Macular disease is the leading cause of blindness in Australia.
- 91% of Australians are unsure and unaware of the function of the macula.
- There are 8 million Australians who are at risk of macular degeneration, it accounts for 90% of legal blindness in Australia.
- Despite it being the leading cause of blindness, most of us don’t know about the function of the macula, what happens when it degenerates and how to prevent it.
What is the macula?
The macula is part of the retina at the back of the eye. It is only about 5mm across but is responsible for all of our central vision, and for sharp, clear, straight-ahead vision, most of our colour vision and the fine detail of what we see. The macula has a very high concentration of photoreceptor cells that detect light and send signals to the brain, which interprets them as images. The rest of the retina processes our peripheral vision.
Macular disease causes loss of central vision.
What causes macular degeneration?
We don’t know the cause of age-related macular degeneration, but we do know that there are certain risk factors for the development of age-related macular degeneration. Research indicates it may be related to a combination of heredity and environmental factors, including smoking and diet.
What is the difference between wet and dry macular degeneration?
- Dry (atrophic): caused by the gradual atrophy (loss) of retinal cells. It may lead to a gradual loss of central vision. Currently there is no treatment available for the dry form. Research is being conducted to develop treatments.
- Wet (neovascular): caused by the formation of fragile blood vessels which leak fluid and blood within and under the retina. It often leads to a rapid loss of central vision. Loss of vision in one eye may go unnoticed if vision in the fellow eye is good. Regular vision testing of each eye in turn is recommended.
People with dry macular degeneration don’t have these abnormal or fragile blood vessels yet, but they are at an increased risk for developing the vessels at some point.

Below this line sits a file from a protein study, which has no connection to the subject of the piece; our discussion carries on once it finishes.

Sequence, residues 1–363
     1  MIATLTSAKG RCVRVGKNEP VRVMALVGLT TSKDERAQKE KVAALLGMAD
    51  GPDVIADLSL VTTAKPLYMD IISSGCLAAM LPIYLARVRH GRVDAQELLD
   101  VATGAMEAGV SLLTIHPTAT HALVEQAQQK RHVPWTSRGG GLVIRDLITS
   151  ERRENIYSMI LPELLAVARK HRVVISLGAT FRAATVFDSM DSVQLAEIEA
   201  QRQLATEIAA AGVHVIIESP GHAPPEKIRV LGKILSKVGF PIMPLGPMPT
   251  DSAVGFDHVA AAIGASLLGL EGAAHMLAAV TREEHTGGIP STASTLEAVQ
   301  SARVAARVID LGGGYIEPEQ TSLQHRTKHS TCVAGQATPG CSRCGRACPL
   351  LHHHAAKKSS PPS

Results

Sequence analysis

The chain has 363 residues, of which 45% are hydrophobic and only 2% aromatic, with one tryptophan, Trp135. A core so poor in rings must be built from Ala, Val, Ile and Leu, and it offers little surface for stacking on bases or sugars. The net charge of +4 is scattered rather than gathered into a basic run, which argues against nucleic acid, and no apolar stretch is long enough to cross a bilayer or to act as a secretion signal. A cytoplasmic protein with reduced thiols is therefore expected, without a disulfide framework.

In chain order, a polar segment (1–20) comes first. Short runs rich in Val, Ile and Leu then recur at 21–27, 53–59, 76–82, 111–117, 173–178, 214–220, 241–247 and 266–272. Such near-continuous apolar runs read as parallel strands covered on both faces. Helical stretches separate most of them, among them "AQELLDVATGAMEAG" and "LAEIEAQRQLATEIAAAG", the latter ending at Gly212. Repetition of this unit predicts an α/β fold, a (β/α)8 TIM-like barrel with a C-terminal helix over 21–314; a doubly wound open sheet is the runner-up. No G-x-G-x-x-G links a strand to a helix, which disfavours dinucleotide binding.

Can you get macular degeneration in one eye or does it always occur in both?
It is possible to develop it in only one eye. However, as the disease progresses both eyes may become affected. If an individual has macular degeneration in one eye, he or she is more likely to develop it in the other eye than someone who does not.
The biggest issue with macular degeneration is that it generally doesn’t have symptoms in the early stages for most people, especially, if the problem in the back of their eye is their non-dominant eye. Your non-dominant eye is like your non-dominant hand, if you are right-handed, that’s your dominant hand. If you hurt your left hand it never affects you as much, because everything you do is right-handed. This is similar to what happens in your vision. If the cells start to die in the back of the eye, which is what causes the problem, then you get little bits of the retina missing, and when that retina starts to miss, if it is not missing in the dominant eye then patients don’t actually notice it.
This is the reason it is really important for patients, especially once over 65, but definitely once they are over 50, to visit an optometrist, so that we can find these defects early, and before they notice that they have a problem, because by this time, any loss of vision could be irreversible.